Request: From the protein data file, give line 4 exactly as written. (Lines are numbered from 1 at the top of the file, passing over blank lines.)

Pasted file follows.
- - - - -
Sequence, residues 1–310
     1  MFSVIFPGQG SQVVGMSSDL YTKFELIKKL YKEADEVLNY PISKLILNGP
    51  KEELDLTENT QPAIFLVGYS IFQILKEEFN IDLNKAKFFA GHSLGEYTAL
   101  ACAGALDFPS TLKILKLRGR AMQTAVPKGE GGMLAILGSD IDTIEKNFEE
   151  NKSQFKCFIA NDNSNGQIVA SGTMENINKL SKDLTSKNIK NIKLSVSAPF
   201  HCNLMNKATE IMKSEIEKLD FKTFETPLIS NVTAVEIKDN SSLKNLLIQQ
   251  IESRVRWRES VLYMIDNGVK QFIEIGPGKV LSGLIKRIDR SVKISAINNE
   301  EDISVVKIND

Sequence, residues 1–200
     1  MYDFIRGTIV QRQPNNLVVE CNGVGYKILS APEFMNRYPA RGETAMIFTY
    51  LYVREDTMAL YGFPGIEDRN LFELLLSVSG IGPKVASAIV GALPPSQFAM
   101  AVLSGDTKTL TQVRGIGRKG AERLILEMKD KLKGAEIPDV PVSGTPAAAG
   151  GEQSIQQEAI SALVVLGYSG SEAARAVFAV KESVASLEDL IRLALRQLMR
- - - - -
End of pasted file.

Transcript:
   101  ACAGALDFPS TLKILKLRGR AMQTAVPKGE GGMLAILGSD IDTIEKNFEE